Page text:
Mounting anything on the eaves of your house is going to involve drilling holes for lag bolts. The holes are very easy to fix if you decide to remove the installation, so this is a good choice.
If you have a gable roof, your in luck. There are installation kits made for just this purpose. Once again, your going to have to buy a mast separately. A length of 1.25 inch top rail pipe is a good, fairly stiff mount. Keep in mind that the mast doesn’t have to fit the weather station directly; a short stub that fits the weather sensor can be clamped to what ever you are using for a mast.
Another option for mounting your equipment on the eaves is the common satellite dish mount. You may even have one already, just throw the dish away and install your weather station on it instead!
The satellite mount gives you a lot of flexibility in terms of placement. It doesn’t matter which way the roof line is going, as long as you can install the pipe vertically, your good. If your mount is low you will have to use a longer mast to clear the peak of the roof. This may require guys to stabilize the weather sensor. There’s a kit for that. Also available is a heavy duty version of the satellite mount that comes with reinforcing brackets to help with side to side movement.
This kind of mount will require a mast that either fits snugly inside of the mounting pipe or can be clamped or bolted to the outside. From what I can tell there is no standard size on these mounts. So it’s off to the hardware store…
Make sure the wood that you are attaching the mount to is in good shape. Pre-drilling the holes for the lag bolts will make your job much easier. The lags should be long enough to go through the wood, any more is a waste. Fatter lags are better and washers are a good idea. The drill size should be about the same as the size or slightly smaller than the lag minus the threads. Hold the drill along the lag and make sure you can see all of the threads down to the shank as you look past the drill.
Mount the weather station on a sturdy roof vent pipe.
This an easy and non damaging weather station mounting solution. First thing; make sure the vent pipe is very sturdy and well supported. Take a look at the vent from inside the attic if you can. Maybe you can reinforce the vent from the attic side.
Don’t use water heater or furnace vents. You’ll get tropical weather every time you take a shower…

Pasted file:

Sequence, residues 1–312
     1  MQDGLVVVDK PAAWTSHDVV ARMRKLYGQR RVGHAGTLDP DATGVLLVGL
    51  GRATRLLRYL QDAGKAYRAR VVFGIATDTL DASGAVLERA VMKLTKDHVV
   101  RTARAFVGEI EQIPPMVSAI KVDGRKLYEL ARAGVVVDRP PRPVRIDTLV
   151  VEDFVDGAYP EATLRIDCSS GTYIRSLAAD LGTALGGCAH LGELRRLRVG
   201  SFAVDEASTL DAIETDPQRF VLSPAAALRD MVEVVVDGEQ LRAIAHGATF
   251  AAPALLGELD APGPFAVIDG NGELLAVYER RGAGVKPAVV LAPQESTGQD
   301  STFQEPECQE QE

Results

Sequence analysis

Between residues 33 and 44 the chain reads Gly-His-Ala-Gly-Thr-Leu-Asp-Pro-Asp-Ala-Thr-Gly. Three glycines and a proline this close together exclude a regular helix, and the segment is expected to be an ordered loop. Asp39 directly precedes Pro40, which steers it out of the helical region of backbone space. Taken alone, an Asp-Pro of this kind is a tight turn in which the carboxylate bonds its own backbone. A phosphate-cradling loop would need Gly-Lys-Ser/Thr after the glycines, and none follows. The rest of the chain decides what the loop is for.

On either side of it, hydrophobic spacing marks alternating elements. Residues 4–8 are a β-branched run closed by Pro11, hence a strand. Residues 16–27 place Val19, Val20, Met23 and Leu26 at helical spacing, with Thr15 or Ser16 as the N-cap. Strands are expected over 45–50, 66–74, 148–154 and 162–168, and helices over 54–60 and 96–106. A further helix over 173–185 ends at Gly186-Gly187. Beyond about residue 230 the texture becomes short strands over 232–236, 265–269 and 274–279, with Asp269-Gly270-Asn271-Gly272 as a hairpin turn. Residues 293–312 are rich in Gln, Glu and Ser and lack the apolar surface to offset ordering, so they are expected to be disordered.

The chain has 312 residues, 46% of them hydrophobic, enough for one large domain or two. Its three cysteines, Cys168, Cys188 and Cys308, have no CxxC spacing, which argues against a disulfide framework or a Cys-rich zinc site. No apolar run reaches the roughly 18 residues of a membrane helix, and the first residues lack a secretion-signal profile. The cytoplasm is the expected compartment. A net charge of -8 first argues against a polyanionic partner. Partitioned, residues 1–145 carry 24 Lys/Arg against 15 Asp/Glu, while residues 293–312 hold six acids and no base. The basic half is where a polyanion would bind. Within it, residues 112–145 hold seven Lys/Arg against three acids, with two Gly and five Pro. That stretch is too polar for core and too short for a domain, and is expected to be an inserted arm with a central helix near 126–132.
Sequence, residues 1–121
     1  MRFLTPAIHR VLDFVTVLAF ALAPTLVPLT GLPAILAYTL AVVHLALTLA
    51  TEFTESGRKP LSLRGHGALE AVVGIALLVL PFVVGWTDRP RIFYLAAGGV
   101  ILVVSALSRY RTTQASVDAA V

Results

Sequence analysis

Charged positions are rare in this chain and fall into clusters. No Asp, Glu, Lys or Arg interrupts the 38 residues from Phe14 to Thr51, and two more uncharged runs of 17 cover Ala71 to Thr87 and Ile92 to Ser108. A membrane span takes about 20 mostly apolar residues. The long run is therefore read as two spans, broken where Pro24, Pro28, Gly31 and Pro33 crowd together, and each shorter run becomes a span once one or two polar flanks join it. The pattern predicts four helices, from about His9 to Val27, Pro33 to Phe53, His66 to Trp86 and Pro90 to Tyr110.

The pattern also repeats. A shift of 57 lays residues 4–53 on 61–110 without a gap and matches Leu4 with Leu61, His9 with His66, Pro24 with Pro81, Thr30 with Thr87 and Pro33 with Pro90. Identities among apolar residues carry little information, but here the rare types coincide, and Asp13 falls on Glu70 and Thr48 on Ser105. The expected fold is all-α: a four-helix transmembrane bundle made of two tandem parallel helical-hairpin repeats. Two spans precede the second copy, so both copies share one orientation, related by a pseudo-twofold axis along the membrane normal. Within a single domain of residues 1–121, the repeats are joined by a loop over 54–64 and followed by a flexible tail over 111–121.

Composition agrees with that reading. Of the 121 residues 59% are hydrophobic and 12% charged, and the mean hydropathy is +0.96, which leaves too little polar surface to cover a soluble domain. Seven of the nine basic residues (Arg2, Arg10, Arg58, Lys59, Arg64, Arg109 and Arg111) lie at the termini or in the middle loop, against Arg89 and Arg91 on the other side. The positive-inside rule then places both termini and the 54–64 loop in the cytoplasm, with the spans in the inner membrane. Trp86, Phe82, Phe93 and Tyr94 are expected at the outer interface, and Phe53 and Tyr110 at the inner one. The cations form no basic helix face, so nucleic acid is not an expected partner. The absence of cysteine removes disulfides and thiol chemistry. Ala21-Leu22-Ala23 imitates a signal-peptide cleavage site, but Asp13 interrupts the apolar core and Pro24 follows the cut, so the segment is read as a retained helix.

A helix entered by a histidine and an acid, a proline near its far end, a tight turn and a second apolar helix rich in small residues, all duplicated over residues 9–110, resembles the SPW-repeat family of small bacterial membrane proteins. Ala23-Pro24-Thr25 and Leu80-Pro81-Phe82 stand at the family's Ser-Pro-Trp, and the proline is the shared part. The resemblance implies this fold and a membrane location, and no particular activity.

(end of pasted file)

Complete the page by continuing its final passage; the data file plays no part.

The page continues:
As for mounting your weather station this way, you have some options:
- Slip a bigger pipe over the vent and mount on the side of that. Keep the top open.
- Clamp a mast directly on the side of the vent.
- Buy a vent pipe installation kit. Yep, they make ’em.
- Attach a satellite dish mount onto the vent with u-bolts. ( I’ve done this; works well)
Try to use a vent that is high on the roof to keep your mast length reasonable.
Mount the weather station on the roof with a tripod.
If you have a flat roof, great, there’s a kit for that. It’s a tripod with a flat frame on the bottom to put bricks, concrete blocks, or sandbags; anything heavy enough to keep it in place. A very easy weather station mounting solution.
But most houses have pitched roofs so screwing the tripod down through the shingles is necessary. This is not ideal but if your situation requires this kind of mounting, go for it.
There are plenty of TV antenna and weather station mounting tripods available. Setting them up is fairly easy, just straddle the ridge peak of the roof so the tripod is straight up and level, then screw or bolt it down. There are tar pads, sometimes called pitch pads, that are placed between the tripod feet and the roof that the lag screws go through. This is a good solution to prevent leaks.
If you can mount the tripod out on a gable overhang any leaking may be seen and the damage minimal. If this is mounted on the windward side of the house it will help minimize the heat from the roof affecting the temperature sensor. Most TV and satellite dish installations are done this way.
Mount your weather station mast on the side of the house.
There are several ways of mounting your weather station on the side of your house. Once again, through demand from TV antenna installers, kits are available. These are stand offs that bolt to the side of the house that provide a way to hold a mast away from the house enough to get past the eaves, hopefully. The stand offs should be lag bolted to the studs of the wall framing and be installed exactly vertical. Install one to the wall, and use a piece of pipe to plumb up the other bracket.